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Mr. George Crowe

George Crowe graduated from Franklin Community High School in 1939. He graduated from Indiana Central College, which is better known today as the University of Indianapolis, in 1943.

A standout athlete, Crowe didn’t start playing basketball until his junior year of high school when he was approached by Coach Fuzzy Vandivier.  His senior year the Grizzly Cubs played for the state championship, and after the loss, Crowe was overlooked by the committee who selected the tournament’s outstanding player.  The Hammond Times wrote that “George Crowe was reminded by five little men that his color wasn’t right.”  When the Indianapolis Star invited its readers to vote for an all-state team, Crowe, the only black player on a small-town team, finished first with just over 48,000 votes out of more than 103,000 cast.  As the people’s choice, he was named the first Indiana Mr. Basketball.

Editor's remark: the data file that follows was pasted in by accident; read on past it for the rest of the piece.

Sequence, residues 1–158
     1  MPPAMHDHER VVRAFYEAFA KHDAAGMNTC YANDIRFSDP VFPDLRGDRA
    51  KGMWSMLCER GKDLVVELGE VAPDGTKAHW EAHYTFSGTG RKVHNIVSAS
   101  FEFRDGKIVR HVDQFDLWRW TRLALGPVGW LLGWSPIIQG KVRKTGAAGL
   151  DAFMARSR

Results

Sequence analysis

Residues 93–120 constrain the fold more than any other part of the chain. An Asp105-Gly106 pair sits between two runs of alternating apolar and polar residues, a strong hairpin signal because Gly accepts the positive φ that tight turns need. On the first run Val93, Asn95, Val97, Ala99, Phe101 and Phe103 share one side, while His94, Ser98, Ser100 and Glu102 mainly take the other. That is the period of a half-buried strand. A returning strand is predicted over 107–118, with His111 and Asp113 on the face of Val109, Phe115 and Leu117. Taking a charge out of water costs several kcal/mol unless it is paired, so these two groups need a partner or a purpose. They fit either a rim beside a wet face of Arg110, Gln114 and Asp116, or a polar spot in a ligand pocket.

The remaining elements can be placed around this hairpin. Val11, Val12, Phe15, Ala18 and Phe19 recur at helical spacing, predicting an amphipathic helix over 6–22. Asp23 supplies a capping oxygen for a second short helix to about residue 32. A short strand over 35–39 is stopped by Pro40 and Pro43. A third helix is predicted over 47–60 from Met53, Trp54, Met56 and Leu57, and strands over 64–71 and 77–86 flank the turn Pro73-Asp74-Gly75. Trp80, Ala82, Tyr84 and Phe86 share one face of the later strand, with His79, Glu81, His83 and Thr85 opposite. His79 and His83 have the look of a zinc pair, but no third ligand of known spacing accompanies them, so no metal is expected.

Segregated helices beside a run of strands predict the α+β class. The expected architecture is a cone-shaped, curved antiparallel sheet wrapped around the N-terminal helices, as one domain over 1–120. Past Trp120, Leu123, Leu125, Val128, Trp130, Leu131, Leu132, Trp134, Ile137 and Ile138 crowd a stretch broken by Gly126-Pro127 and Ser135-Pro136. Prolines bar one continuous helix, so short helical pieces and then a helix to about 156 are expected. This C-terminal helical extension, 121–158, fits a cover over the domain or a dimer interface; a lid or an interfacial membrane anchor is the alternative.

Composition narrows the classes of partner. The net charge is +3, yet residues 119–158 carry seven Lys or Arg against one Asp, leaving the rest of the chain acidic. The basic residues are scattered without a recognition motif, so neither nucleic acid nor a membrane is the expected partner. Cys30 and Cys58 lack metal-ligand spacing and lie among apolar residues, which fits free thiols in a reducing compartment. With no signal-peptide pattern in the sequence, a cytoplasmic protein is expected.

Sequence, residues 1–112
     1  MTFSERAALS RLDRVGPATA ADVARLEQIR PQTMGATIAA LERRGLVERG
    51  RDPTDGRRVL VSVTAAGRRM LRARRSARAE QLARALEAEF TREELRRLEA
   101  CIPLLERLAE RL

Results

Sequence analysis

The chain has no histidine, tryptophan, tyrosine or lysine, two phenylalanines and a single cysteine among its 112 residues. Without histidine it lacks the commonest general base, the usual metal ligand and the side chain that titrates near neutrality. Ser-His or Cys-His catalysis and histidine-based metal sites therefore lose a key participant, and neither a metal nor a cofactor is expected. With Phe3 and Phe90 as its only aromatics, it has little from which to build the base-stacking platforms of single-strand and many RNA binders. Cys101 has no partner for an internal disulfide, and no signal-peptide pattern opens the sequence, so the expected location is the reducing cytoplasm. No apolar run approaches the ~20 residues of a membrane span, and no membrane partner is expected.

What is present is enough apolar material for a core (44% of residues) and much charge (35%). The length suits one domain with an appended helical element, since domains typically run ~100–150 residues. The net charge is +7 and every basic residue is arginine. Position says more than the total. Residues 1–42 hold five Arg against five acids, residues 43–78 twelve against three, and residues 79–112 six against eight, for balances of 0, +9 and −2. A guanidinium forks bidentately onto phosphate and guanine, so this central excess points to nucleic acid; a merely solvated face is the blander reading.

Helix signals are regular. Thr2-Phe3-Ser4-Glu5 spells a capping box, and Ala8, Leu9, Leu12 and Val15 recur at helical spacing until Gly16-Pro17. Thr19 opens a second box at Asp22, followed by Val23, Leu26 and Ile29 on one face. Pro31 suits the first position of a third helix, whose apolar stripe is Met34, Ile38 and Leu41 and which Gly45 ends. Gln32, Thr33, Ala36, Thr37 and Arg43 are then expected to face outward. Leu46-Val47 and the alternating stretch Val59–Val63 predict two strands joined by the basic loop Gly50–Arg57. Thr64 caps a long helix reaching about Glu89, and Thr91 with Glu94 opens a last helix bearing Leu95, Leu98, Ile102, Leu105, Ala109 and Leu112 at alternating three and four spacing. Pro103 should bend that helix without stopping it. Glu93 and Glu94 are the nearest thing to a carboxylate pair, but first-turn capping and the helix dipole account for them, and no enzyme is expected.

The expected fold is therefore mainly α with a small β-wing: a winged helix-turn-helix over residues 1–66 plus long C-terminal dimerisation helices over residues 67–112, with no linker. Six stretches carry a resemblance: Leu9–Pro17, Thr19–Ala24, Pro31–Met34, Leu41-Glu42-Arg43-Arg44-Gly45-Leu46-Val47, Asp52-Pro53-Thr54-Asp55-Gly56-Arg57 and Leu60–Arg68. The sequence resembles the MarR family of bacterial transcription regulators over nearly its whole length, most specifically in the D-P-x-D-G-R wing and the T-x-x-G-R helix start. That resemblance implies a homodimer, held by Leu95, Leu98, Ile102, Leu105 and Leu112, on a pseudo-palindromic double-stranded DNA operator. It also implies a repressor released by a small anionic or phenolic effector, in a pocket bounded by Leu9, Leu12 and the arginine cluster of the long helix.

While in college he played basketball, baseball and ran track.  Mr. Crowe always maintained that basketball was his best sport, but because professional basketball was on shaky financial ground, he tried out with the New York Black Yankees baseball team.   Though Crowe never played baseball in high school, as there was no school baseball team back then, he went on to have a successful career. He made his Major League Debut in 1952, at the age of 31, for the Boston Braves.  Crowe is remembered as a mentor to many of the young African American players that came after him.  Jackie Robinson described him as articulate and far-sighted.

Mr. Crowe retired in 1961 and the Franklin High School baseball field was named Crowe Field shortly thereafter.     

Throughout his life and athletic career, George Crowe faced discrimination and segregation, but chose to, in his own words, ‘play through it’, and did so with a quiet confidence.